Resistance to the plantation system. Chapter 9. McGillivray -- Mixed people and mixed motives -- Indian statehood -- McGillivray's nationality -- McGillivray and Washington -- Chapter 10. Resisters, assisters, and lost causes -- Scots, Blacks, and Seminoles -- The firm -- The valences shift -- William Augustus Bowles : the second act -- Bowles and Ellicott -- "Execute him on the spot" -- The fox is run to earth -- Chapter 11. The firm steps forward -- Deerskins, rum, and land -- Indian yeomen and Governor Sargent's lost cause -- Yankee yeomen -- Chapter 12. Jeffersonian strategy and Jeffersonian agents -- Jefferson and Wilkinson -- Wilkinson's clients -- The firm adapts and collects --Wilkinson, Forbes, and Dearborn -- Debt for land -- The accounts of Silas Dinsmoor -- The firm wraps things up -- Andrew Jackson takes charge, with some help from Benjamin Hawkins -- Agents of the master organism : assistants to the plantation system. Chapter 13. Fulwar Skipwith in context -- Skipwith the Jeffersonian -- Toussaint's yeoman republic -- The career of Fulwar Skipwith -- The quasi war and spoliation -- James Monroe's first mission to France -- Skipwith, the Livingstons, and Louisiana cotton -- The chancellor, indolent maroons, and Thomas Sumter -- Mister Sumter is shocked -- The third article -- Skipwith and the Floridas -- Consul Skipwith goes to jail -- Chapter 14. Destiny by intention -- The adventures of George Mathews -- War, commerce, and race -- Assisters and resisters -- The green flag of Florida -- Chapter 15. Louisiana and another class of Virginians -- The third opportunity reconsidered -- The Hillhouse debates -- Chapter 16. The Virginians of Louisiana decide the future of the land -- Out of the hills -- The Kemper outrage -- 1809-1810 -- Skipwith and Randolph -- Complexities in Baton Rouge -- Skipwith at bay -- Haiti again -- Skipwith's Florida -- Epilogue. The Jeffersonian legacy : The Civil War and the Homestead Act -- Statesmanship and self-deception -- Final thoughts -- The economics of land use -- Appendix. Another stream -- Jefferson, Madison, Adam Smith, and the Chesapeake cities -- The Romans, armed occupation, and the Homestead Act -- Jefferson and the Ordinances of 1784 and 1787-89 -- Debt and land -- Jefferson's Doctrine of usufruct -- Tribes, land, and Ireland -- Creeks, Seminoles, and numbers -- The Livingstons and West Florida -- The Claiborne-Clark duel -- Fulwar Skipwith and Andrew Jackson.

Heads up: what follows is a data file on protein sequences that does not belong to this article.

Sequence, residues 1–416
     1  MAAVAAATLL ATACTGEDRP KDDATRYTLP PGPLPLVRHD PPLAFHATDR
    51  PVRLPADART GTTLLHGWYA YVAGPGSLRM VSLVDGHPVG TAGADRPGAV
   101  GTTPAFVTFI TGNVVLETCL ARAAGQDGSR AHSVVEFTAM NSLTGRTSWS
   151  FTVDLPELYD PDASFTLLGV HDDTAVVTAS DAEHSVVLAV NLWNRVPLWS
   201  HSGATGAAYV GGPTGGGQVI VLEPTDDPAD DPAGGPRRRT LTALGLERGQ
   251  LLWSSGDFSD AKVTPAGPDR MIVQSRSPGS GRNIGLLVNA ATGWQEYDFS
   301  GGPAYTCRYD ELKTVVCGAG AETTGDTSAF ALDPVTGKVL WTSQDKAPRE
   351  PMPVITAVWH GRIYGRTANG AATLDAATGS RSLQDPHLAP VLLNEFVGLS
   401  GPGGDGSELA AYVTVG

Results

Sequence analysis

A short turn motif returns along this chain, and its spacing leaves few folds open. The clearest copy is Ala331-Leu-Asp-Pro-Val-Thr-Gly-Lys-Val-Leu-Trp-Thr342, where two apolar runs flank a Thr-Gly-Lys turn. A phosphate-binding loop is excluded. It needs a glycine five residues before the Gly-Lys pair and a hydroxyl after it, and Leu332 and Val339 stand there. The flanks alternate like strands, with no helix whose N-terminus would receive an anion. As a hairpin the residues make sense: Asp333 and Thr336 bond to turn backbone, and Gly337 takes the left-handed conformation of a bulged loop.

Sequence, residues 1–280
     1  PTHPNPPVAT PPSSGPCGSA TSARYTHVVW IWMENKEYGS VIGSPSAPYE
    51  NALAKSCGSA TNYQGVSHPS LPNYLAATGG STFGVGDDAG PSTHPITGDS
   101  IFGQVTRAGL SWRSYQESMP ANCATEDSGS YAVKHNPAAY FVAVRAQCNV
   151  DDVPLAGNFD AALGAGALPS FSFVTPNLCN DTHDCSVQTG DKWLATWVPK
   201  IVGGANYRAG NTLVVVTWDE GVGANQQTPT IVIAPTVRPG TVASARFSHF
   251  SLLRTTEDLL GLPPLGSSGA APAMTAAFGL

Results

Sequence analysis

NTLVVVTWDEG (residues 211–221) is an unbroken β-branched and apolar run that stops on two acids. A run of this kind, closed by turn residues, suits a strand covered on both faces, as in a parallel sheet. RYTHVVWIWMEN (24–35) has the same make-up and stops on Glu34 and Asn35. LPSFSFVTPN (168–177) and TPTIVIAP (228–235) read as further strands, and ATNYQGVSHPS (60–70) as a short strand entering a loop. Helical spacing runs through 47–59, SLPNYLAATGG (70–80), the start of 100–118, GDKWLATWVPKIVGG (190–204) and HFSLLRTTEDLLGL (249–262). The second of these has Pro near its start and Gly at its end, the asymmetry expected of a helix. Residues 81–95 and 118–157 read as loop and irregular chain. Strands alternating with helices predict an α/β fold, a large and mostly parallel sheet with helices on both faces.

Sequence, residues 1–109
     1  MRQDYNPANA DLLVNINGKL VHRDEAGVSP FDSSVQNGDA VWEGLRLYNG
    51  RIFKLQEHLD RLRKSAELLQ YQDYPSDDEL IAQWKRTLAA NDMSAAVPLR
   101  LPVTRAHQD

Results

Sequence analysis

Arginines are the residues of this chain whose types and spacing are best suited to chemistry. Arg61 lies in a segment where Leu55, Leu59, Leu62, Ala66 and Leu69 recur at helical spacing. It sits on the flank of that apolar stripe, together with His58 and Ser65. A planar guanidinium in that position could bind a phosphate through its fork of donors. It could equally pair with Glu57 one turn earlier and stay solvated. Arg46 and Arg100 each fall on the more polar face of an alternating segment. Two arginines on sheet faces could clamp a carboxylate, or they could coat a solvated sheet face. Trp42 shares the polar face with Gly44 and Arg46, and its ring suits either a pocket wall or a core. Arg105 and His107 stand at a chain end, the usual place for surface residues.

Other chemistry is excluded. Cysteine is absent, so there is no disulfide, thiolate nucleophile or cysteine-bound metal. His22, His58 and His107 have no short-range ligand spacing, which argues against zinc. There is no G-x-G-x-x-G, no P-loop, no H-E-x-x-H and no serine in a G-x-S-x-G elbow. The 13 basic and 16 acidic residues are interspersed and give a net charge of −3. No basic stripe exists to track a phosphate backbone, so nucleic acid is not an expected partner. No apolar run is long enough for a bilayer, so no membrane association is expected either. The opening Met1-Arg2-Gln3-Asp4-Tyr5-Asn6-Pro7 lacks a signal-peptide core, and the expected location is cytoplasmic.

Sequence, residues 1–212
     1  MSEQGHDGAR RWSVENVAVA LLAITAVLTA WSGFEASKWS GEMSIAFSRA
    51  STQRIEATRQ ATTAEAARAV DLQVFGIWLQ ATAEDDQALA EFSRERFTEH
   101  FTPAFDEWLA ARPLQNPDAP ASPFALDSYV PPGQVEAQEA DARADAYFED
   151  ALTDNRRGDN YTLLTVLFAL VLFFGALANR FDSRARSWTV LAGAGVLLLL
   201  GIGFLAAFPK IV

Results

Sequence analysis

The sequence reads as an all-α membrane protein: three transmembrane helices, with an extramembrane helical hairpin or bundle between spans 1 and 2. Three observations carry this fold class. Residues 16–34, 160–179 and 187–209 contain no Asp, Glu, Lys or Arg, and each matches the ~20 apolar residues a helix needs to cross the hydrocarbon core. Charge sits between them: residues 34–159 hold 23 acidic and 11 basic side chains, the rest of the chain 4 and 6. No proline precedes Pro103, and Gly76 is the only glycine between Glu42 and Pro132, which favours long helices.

Thomas Jefferson advocated a republic of small farmers--free and independent yeomen. And yet as president he presided over a massive expansion of the slaveholding plantation system--particularly with the Louisiana Purchase--squeezing the yeomanry to the fringes and to less desirable farmland. Now Roger Kennedy conducts an eye-opening examination of that gap between Jefferson's stated aspirations and what actually happened. Kennedy reveals how the Louisiana Purchase had a major impact on land use and the growth of slavery. He examines the great financial interests that beat down slavery's many opponents in the South itself (Native Americans, African Americans, Appalachian farmers, and conscientious opponents of slavery). He describes how slaveholders' cash crops (first tobacco, then cotton) sickened the soil and how the planters moved from one desolated tract to the next. Soon the dominant culture of the entire region--from Maryland to Florida, from Carolina to Texas--was that of owners and slaves producing staple crops for international markets. The earth itself was impoverished, in many places beyond redemption. None of this, Kennedy argues, was inevitable. He focuses on the character, ideas, and ambitions of Thomas Jefferson to show how he and other Southerners struggled with the moral dilemmas presented by the presence of Indian farmers on land they coveted, by the enslavement of their workforce, by the betrayal of their stated hopes, and by the manifest damage being done to the earth itself.